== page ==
Because the month that she was born, we stumbled on the realization that all parents of multiple children should be gently prodded towards. We thought, Hey. We already have all the baby stuff. What does a second child actually need? Well, love. And maybe a few pictures of herself to look back on in the fullness of time and know that she was a wonder in herself, never ever second fiddle.
They should seriously hand this advice out in the hospital, for anybody having a second, or third, or seventeenth baby.
Don’t want to make your precious child feel less special than the first one you took a zillion pictures of?
NOW IS THE TIME TO BUY A DECENT CAMERA, FOLKS.
When Josephine was a week or so old, still wee and fuzzy, we found a DSLR camera on sale. It took photos so crisp, you could see the downy baby fluff on her arms. It caught moments that the point-and-shoot we’d had when Oscar was a baby would never have captured. And being able to catch the magic of her tiny-bird self was almost as captivating as she was, so I took literally hundreds of shots. We have more – unprinted, admittedly, but more – of Josephine than we actually ever had of her brother.
The spring after she was born, for Mother’s Day, Dave got me the “nifty fifty”: a 50mm portrait lens that absolutely anybody and their cat can take decent pictures with. All you need is light. And practice. Luckily babies are patient. And cute.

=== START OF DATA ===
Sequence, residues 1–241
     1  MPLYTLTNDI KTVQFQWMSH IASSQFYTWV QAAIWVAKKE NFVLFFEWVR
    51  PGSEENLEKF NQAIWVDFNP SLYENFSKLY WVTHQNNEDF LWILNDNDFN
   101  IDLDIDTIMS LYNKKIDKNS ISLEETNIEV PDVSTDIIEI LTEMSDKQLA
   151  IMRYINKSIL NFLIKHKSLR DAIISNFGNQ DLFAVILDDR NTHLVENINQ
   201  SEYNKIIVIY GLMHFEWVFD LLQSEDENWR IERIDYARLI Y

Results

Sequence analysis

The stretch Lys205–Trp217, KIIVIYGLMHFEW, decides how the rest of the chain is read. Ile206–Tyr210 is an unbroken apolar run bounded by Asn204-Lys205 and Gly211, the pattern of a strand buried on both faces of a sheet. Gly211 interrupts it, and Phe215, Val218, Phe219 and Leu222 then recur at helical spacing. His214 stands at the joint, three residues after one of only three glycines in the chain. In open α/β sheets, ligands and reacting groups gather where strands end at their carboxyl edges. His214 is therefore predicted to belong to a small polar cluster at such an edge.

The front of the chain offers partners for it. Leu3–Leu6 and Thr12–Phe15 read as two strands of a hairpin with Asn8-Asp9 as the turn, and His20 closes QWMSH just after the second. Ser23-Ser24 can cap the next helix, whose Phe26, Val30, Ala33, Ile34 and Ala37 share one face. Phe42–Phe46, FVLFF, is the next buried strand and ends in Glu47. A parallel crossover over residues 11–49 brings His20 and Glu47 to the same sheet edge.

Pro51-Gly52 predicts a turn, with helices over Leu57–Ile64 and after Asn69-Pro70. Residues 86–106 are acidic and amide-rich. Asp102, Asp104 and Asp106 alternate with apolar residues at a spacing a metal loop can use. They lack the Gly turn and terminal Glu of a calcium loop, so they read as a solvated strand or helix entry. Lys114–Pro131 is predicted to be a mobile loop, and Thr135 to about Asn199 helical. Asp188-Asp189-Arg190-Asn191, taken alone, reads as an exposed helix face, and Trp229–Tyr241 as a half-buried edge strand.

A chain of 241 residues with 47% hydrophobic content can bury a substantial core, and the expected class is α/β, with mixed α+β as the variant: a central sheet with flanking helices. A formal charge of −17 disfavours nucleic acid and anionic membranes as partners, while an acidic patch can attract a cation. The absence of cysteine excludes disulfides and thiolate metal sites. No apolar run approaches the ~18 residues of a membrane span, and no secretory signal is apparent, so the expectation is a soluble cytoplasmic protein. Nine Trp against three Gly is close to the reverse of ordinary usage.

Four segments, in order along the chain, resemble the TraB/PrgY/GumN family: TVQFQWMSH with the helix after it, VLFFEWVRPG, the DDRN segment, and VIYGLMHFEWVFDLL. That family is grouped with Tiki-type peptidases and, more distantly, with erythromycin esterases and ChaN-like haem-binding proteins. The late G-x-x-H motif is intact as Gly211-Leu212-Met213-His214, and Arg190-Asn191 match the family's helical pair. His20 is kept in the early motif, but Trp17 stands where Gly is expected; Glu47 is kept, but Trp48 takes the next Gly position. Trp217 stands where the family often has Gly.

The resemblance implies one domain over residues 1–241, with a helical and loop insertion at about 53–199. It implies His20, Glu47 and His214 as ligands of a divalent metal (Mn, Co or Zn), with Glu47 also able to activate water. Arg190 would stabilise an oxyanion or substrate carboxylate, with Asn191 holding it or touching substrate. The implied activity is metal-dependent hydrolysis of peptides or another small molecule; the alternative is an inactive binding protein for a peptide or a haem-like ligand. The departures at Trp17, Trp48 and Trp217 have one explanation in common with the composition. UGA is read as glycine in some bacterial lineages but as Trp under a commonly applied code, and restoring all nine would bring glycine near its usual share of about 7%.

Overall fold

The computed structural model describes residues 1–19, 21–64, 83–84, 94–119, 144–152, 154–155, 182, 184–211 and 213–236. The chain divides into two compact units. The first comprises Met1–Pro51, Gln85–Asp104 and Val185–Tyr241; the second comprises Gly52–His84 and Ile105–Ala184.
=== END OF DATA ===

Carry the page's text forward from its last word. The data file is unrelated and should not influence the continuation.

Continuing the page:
YOU SHOULD GET ONE OF THOSE TOO, PEOPLE. IT TAKE PICTURES LIKE THIS. PRACTICALLY BY ITSELF.
The nice thing about DSLRs is that lots of people learn to use them so well, they actually upgrade. Now, I will never need to upgrade, as I still don’t know how to utilize half the capacity my camera came with, but some people are more diligent than I. (Or talented. Whatever. They probably also put their children’s baby pictures in albums before they’re three.)
But when they upgrade, they often sell their cameras. There are good – even new – DSLR cameras for sale on almost every regional used site, at almost any time. Usually for about half the store price, or not much more than the cost of a, say, new stroller system, or crib, or any of the other things many families already have by the time baby #2 rolls around.
Think about it. Isn’t it worth saving all the expense of therapy for Second Child Syndrome, later? 😉